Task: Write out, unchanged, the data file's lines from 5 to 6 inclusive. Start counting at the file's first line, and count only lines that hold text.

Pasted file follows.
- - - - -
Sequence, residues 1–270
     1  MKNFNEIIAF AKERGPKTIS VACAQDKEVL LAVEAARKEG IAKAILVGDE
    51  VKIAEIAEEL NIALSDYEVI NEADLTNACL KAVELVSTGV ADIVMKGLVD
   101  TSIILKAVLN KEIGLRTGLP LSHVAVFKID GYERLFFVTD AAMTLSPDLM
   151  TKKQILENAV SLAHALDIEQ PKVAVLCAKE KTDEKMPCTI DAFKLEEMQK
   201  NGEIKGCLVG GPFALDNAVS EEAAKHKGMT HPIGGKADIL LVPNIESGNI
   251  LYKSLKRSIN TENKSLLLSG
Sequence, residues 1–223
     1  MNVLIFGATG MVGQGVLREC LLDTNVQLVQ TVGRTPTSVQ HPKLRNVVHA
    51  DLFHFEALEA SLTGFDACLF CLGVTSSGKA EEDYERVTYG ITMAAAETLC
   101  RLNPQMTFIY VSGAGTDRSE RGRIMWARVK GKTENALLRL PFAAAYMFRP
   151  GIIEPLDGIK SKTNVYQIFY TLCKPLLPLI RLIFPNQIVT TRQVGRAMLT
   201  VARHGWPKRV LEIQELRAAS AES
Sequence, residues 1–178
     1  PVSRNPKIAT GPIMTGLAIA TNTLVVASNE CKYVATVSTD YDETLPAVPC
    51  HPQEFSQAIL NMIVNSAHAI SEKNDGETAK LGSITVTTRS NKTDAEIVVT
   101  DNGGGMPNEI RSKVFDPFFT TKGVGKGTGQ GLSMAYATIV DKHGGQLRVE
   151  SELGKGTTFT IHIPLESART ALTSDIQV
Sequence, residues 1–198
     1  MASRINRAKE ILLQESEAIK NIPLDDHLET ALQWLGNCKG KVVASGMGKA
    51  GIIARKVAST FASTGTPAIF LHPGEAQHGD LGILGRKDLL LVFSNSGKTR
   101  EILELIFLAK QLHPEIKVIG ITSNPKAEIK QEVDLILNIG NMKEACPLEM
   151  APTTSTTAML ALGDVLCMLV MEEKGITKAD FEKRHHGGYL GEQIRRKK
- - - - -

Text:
   151  TKKQILENAV SLAHALDIEQ PKVAVLCAKE KTDEKMPCTI DAFKLEEMQK
   201  NGEIKGCLVG GPFALDNAVS EEAAKHKGMT HPIGGKADIL LVPNIESGNI